I got the role in ‘Masaan’ because Rajkummar Rao didn’t have dates: Vicky Kaushal

Masaan actor Vicky Kaushal, who excelled as a bereaved lover in the film, is on a roll. He has just signed on a love triangle with director Sameer Sharma, where he shares screen space with the Dum Lagake Haisha duo Ayushmann Khurrana and Bhumi Pednekar.

“It’s very different from the usual love triangles,and that’s all I can say at the moment. I started my career with a cameo in Sameer Sharma’s Luv Shuv Tey Chicken Khurana. So it’s like coming home,” says Kaushal.

But before Sameer Sharma’s love triangle there is another film ready. From playing a cremator based in Varanasi in Masaan, Kaushal has now moved to playing a musician from Punjab in debutant director Mozez Singh’s Zubaan.

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“The character in Zubaan was easier to do, since I am Punjabi and I do have a fair knowledge of life in rural Punjab. That’s where my character comes from,” he says. Kaushal plays a character who is phobic towards music.

“I can’t explain any more because it would give away the plot. But Zubaan was easier to do. I could relate better to the character. In Masaan I had to start from scratch. Though I had worked in and around Varanasi as an assistant director to Gangs Of Wasseypur I was not familiar with Varanasi. It was like a whole world opening up to me. I had to learn everything from scratch about the culture language. Zubaan was much easier than Masaan.”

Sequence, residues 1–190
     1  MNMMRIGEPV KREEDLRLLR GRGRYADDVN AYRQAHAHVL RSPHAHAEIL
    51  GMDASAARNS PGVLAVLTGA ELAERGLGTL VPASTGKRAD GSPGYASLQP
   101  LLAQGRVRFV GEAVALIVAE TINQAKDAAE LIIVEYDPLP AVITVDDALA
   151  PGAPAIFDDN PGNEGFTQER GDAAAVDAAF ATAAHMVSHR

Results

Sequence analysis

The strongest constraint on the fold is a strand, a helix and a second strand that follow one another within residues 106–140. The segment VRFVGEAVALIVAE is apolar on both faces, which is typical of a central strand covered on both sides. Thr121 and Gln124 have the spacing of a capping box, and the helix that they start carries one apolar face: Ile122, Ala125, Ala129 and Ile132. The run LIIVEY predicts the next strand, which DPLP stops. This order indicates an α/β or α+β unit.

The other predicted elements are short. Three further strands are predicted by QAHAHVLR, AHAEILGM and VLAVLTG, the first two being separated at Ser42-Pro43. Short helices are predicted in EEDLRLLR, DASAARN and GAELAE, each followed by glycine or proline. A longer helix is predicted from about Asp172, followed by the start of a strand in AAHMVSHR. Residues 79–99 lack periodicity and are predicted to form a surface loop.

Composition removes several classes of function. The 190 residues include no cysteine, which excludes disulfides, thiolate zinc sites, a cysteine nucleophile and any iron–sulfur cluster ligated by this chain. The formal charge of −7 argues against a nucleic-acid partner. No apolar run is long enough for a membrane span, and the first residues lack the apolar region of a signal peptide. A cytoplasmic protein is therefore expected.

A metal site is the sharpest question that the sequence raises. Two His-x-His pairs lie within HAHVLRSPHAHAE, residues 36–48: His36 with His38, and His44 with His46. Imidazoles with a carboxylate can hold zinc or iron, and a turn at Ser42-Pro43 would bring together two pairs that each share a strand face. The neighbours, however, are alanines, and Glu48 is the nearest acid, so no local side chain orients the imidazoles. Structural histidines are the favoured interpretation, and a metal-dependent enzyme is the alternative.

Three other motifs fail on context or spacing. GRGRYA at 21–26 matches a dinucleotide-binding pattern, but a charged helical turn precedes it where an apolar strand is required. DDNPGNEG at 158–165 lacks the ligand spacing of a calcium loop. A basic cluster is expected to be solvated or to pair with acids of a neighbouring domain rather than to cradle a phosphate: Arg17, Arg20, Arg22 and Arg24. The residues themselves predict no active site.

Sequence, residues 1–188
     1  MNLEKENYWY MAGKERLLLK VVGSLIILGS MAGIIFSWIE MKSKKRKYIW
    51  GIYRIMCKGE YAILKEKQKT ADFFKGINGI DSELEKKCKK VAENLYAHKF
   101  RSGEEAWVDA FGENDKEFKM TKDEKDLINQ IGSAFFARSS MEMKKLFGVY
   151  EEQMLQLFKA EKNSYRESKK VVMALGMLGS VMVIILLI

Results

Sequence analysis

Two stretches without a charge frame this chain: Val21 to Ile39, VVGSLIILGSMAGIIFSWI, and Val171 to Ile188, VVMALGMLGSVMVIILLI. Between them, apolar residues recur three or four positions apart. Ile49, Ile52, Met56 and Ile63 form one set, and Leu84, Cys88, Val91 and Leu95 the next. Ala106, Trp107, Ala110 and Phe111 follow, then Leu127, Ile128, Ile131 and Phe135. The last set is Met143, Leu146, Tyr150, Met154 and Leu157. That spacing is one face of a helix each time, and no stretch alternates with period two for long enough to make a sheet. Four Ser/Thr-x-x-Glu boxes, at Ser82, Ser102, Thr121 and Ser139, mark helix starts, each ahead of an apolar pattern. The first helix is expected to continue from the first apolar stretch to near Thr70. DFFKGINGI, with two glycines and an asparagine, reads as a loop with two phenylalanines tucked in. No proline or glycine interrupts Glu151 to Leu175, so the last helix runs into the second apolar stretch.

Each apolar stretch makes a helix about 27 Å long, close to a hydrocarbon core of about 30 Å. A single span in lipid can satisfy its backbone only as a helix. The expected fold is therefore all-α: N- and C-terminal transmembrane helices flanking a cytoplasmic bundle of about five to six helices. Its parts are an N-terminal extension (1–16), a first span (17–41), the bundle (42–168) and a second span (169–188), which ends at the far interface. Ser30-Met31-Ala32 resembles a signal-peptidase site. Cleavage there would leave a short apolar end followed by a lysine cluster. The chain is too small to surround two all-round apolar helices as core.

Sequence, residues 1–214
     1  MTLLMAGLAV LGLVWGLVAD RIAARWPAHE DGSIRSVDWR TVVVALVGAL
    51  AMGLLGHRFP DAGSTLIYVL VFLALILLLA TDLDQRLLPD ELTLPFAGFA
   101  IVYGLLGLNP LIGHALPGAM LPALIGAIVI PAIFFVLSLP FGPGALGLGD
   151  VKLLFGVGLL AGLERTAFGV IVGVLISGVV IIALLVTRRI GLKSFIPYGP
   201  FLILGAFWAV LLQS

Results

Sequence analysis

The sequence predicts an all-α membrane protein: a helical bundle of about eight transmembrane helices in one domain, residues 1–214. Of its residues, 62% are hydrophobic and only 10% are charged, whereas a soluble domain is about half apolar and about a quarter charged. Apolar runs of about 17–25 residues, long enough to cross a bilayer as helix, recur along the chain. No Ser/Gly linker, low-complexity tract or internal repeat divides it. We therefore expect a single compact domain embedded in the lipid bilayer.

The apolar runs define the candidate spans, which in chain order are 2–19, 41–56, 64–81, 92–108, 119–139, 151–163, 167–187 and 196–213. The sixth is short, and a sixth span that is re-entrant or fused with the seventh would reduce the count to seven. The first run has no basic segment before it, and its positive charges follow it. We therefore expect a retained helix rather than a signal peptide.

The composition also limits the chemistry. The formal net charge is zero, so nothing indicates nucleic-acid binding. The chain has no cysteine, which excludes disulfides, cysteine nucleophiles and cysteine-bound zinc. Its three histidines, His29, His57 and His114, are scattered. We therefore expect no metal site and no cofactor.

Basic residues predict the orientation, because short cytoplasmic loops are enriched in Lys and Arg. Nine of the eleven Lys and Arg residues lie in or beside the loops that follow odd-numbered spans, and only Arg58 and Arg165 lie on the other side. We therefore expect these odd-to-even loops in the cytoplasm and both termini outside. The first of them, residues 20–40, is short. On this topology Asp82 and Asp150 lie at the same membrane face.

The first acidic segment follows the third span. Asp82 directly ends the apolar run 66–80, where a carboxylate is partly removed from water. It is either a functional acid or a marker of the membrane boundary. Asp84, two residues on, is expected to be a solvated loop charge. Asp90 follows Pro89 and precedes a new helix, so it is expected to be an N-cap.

About the similar-sound titles of his two films so far Vicky says, “My mother says after Masaan and Zubaan, my next film should be titled Kisaan.”

He adds, “To be honest I never expected this kind of acceptance. It was immensely motivating. I felt I was on the right track. If I had chosen to be an actor, I had chosen well for myself.”

Kaushal remembers how he got the Masaan role, “The director Neeraj Ghaywan and I were both assistants on Gangs Of Wasseypur. We bonded since then and would discuss scenes from Masaan. During that time Neeraj wanted to sign Rajkummar Rao for my part. But his dates didn’t work out. That’s how I got the part.”

Kaushal never expected the reactions that got for his performance in Masaan. “I knew I had worked hard. But this kind of praise was unimaginable.”